SIG Sauer P226 - Tokyo Marui
Tokyo Marui are the dominant airsoft manufacturer and pretty much anything they launch seems to attract fevered interest on the forums, even if the products themselves aren't always worthy of the enthusiasm.
However, the interest in the SIG Sauer P226 (following the revamped Desert Eagle and the Hi-Capa 2011 clone) was even more than usual. Clearly people wanted a modern, compact pistol that was a little different (Only Tanaka made a 226 GBB of any quality prior to the TM release) and they hoped it would feature the excellent hop-up system seen on the other recent TM GBBs.
I hoped it would be a step forward in quality terms over the nasty looking TM Berettas (There's no review of one on the site, because I refuse to spend money on such a cheap looking gun!), whilst offering a more practical package than the enormous Desert Eagle.
However, I probably would never have reviewed this gun, but Airsoft International magazine asked me to write a 'first look' review on it for their second issue and so I ran it through my normal tests - With AI's permission, here's my JustPistols review of the gun.
In the Box
One area where Tokyo Marui do excel is in presentation.
The SIG P226's box art is impressively stylish and moody.
The base of the box is polystyrene bed, which holds the 226 securely, with space for a second magazine and a slot for the provided cleaning rod - Only TM bother with these for pistols and I've never really felt the need for one.
There's the usual collection of all Japanese manuals, bag of .2g BBs and targets, much as with any gun from any manufacturer.
First impression was that the P226 is a solid little gun. The SIG design is very pugnacious and no-nonsense and this is faithfully replicated in the TM airsoft version.
TM chose to replicate a recent, rail framed version, so popular (probably moreso in airsoft) for the ability to attach torches, lasers, etc.
There is an undeniable feeling of good quality springer about the plastic used and there are seams marks, albeit much less noticeable than on the Berettas of old, but overall the P226 looks and feels a quality product.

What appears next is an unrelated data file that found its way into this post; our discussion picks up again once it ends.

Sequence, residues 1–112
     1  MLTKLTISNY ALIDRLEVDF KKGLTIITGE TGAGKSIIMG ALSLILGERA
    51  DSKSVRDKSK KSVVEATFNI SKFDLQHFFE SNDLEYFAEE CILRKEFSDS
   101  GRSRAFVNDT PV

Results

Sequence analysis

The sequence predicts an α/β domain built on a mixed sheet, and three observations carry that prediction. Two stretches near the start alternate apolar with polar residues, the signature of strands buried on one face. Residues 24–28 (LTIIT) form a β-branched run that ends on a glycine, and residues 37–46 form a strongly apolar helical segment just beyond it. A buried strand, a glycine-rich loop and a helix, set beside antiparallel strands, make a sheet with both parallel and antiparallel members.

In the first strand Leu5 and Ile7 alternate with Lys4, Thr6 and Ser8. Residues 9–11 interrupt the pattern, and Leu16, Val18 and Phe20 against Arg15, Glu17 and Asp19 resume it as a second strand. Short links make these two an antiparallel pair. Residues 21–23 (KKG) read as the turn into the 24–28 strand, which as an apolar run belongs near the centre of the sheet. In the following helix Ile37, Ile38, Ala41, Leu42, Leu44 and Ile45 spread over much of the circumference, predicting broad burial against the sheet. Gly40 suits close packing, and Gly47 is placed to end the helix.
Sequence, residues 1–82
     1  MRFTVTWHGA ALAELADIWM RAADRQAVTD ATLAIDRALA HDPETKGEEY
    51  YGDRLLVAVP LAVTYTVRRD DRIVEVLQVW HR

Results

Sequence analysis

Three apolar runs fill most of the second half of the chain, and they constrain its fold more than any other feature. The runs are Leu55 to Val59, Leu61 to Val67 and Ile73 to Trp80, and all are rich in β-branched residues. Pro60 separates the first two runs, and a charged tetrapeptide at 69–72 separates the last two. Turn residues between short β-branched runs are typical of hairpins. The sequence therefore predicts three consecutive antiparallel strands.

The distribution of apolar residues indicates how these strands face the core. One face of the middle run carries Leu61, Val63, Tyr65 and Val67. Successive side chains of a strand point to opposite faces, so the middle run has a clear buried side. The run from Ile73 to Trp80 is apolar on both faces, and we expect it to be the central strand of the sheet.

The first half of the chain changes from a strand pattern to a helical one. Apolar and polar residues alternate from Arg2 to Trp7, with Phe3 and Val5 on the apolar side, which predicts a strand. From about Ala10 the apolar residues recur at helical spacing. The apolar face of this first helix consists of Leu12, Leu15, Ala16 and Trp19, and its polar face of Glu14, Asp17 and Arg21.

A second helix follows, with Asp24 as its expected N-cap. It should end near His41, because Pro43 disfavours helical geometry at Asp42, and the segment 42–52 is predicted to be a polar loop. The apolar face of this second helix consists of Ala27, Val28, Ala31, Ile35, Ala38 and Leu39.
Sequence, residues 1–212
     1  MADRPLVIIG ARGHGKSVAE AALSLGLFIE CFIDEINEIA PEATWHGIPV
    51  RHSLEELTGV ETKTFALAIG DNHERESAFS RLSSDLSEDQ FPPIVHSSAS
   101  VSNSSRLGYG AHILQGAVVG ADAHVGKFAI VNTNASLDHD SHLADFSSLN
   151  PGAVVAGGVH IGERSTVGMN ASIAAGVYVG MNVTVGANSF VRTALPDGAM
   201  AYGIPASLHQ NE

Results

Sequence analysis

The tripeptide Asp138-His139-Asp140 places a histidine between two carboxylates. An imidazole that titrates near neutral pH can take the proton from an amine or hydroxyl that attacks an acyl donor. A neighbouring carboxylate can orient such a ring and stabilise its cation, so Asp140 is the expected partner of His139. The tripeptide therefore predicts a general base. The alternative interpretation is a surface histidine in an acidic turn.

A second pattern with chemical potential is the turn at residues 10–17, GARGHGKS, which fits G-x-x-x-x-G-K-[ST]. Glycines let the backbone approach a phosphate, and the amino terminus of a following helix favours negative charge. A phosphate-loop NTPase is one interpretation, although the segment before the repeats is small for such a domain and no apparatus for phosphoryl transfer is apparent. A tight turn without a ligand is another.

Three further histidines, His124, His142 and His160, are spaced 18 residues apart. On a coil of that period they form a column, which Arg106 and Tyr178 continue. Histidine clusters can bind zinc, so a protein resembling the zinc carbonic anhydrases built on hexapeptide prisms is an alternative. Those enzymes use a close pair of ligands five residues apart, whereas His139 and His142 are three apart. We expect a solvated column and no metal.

The gun feels reasonably heavy and well balanced in the hand and the sights encourage you to pick it up and point instinctively.
The gun looks well marked, with genuine looking SIG Sauer trademarks and the decocker (unlike those on TM Berettas) actually works - A good feature, I feel.
Whilst most of the gun is plastic, some of the controls (mag release, trigger, takedown lever and hammer, at least) are metal.
There's a lot of plastic on the TM SIG Sauer P226 - It feels solid, but a little brittle in the hand. Experience suggests TM plastic is quite hard wearing, but the P226 does not feel as good in the hand as a WA or KSC Heavyweight model.
However, it is a pretty good Tokyo Marui gun.
Markings look good, on the whole. The left side of the slide is marked "SIG"/"SAUER"/"P226 STAINLESS"/"SIGARMS INC"/"EXETER-NH-USA" and both grips are marked with authentic looking trade "P226" on the left, "SIG SAUER" on the right.
The right hand side of the frame is marked with TM markings. Over the trigger is a serial number and ASGK mark and above the rail the gun is marked "-TOKYO MARUI CO., LTD-"/"MADE IN JAPAN". The right hand side of the chamber is marked "9mm Para" in italic font.
The magazines are marked "SIG SAUER 9mm" on the left side and "MADE IN JAPAN" on the right.
Many will find the location of controls unusual. The disassembly lever is in roughly the same place as the slide lock on most other pistols. The slide lock is right at the back of the frame, on the left side only, although it and the decocker are excellently placed for operation with the right thumb.
There is a standard sized rail under the front of the frame, allowing those who want to to add torches or lasers.